CHARLOTTE GALVES - Tycho Brahe

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HELENA BRITTO
State University of Campinas (UNICAMP)– Campinas – SP – Brazil
CHARLOTTE GALVES
State University of Campinas (UNICAMP)– Campinas – SP – Brazil
ILZA RIBEIRO
UNIFACS/State University of Feira de Santana – Salvador/F. de Santana – BA – Brazil
MARINA AUGUSTO
State University of Campinas (UNICAMP)*– Campinas – SP – Brazil
ANA PAULA SCHER
University of São Paulo (USP)/ State University of Campinas (UNICAMP)* – SP – Brazil
MORPHOLOGICAL ANNOTATION SYSTEM FOR AUTOMATED TAGGING OF
ELECTRONIC TEXTUAL CORPORA: FROM ENGLISH TO ROMANCE
LANGUAGES
I Introduction
Based on the Penn-Helsinki Parsed Corpus of Middle English 1 , the Tycho Brahe
Parsed Corpus of Historical Portuguese 2 consists of an electronic annotated corpus composed of prose, originally written in Portuguese by native speakers of European Portuguese
(henceforth EP) born between the 16th and 19th centuries. The present annotation system to
be applied to Portuguese has been developed in the lines of the system designed for English
by Taylor & Kroch (1994) and aims at codifying this corpus morphologically.
For the elaboration of this system, the following goals were pursued. Firstly, to facilitate automatic searches of morphologically classified lexical items, we envisaged a system
which would be broad enough so as to be applied to Portuguese texts from different historical
periods as well as strict enough so as to allow unambiguous searches. On the other hand, we
tried to accommodate such linguistic needs to computational demands derived from the implementation of the automated morphological system, which imposes that a minimum
possible number of tags and sub-tags be assumed. Secondly, our ultimate aim is to provide
an adequate basis for the automated syntactic parser to be developed. Thus, the selection of
morphological tags (specifically the ones related to parts of speech) was based on syntactic
distributional criteria.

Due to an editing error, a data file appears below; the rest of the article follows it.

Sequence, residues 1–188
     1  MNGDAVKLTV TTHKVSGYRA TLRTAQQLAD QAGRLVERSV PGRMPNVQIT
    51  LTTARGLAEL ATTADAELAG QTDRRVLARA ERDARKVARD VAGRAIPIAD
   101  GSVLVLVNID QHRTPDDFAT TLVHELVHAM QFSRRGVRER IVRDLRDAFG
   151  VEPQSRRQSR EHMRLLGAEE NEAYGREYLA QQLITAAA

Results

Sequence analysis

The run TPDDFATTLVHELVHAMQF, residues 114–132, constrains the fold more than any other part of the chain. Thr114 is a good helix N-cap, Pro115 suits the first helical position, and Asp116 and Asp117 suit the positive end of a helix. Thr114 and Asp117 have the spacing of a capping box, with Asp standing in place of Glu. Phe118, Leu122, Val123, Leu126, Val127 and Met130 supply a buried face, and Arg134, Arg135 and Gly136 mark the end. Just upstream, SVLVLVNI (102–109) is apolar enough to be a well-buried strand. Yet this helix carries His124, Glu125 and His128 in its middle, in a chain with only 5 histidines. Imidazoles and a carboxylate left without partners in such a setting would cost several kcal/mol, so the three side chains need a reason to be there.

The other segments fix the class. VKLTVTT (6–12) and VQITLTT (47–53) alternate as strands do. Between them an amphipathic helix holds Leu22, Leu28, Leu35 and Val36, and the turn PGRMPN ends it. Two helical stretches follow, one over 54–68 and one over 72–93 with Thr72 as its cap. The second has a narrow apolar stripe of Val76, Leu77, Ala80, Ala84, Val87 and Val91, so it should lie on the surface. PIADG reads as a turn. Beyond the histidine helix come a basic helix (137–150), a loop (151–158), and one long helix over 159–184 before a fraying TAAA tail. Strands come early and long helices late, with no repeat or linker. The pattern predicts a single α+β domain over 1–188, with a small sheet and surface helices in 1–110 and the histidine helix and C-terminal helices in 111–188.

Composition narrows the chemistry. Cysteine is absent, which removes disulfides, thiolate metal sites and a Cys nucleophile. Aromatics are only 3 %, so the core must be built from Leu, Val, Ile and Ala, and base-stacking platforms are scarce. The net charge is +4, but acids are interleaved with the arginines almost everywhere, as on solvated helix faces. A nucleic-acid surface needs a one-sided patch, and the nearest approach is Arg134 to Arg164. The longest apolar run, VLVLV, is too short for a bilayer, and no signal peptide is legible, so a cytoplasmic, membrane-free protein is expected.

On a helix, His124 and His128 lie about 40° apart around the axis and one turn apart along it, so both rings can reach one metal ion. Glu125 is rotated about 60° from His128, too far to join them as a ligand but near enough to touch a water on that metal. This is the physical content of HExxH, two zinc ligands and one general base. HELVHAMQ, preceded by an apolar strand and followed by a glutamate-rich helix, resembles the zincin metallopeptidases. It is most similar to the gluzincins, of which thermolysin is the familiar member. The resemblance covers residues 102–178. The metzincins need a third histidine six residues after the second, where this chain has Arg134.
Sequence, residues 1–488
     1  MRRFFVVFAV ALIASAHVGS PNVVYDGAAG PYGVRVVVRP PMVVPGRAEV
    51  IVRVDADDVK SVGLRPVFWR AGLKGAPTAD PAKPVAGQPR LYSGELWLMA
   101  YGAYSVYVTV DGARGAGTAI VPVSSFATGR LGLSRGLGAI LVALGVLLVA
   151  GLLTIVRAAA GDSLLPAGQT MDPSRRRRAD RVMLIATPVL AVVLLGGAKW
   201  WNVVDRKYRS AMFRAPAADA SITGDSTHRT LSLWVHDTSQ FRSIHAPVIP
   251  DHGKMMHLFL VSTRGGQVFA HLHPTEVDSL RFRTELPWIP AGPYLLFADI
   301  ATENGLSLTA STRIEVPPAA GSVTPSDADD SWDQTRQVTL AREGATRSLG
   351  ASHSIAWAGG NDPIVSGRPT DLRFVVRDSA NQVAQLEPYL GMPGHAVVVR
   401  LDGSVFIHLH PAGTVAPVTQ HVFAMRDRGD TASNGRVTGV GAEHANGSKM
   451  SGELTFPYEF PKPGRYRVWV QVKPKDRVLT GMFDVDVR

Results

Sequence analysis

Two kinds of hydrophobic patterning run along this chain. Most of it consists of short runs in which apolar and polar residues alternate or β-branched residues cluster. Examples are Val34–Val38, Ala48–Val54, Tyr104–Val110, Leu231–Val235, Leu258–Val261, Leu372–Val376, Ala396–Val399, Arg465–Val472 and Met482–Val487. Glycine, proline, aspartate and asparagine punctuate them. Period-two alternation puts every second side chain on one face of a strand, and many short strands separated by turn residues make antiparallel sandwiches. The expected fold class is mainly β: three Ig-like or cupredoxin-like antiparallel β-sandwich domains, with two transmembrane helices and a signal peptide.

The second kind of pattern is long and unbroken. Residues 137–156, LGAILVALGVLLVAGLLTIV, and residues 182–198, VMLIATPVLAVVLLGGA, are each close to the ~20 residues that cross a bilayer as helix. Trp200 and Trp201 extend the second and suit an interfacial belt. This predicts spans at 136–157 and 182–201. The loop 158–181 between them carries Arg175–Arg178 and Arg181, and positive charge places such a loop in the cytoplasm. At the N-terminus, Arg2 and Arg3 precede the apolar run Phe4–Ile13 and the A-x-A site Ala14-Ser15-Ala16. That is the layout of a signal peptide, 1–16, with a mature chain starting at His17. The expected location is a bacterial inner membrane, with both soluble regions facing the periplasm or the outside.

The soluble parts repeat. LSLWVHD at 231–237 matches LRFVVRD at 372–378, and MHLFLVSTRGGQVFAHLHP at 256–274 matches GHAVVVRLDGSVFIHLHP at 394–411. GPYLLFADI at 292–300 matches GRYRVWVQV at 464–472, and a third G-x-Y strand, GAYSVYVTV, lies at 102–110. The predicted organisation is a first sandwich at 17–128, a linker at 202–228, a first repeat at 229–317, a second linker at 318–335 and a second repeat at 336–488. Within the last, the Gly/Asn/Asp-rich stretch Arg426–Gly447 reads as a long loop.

2 Overall Design
This morphological annotation system comprises the following basic groups of tags:
Parts of Speech tags; inflectional tags; diacrítics and punctuation tags.
As has been proposed for English, Parts of Speech tags, as the name implies, are
used for the classification of the word according to the part of speech it belongs to. Nevertheless, differently from the system designed for English, the one developed for Portuguese assumes a group of inflectional tags to be associated to the Parts of Speech tags in order to
capture the morphological richness Portuguese exhibits, a feature shared by romance languages in general. Not only are such tags used to indicate which lexical items compose a
clear-cut subgroup in a certain part-of-speech class3, but also to indicate several morphological visible inflectional [+ marked] features the lexical items carry. Considering the diacritics,
Taylor & Kroch (op.cit.) proposed the following signals: “+”, to combine tags when more than
one applies as for contractions or even written junctures used for distinct lexical items; “/”, to
separate the lexical item from its tag(s); and numbers, to refer to separate parts of words,
where the first number indicates the number of parts and the second number, which part the
part is4. In addition to these signals, we assume “!”, to refer to the medial position of clitics
(see Section 3.2) and “-“, to combine Parts of Speech tags to inflectional tags. Thus, (1a) is
an example of codification our system assumes in which N is the main tag used for nouns, indicating the part of speech the word belongs to, and P is the secondary inflectional tag,
standing for plural. (1b), on the other hand, shows the codification obtained through the use of
the tagging system proposed for English:
*
Doctorate Student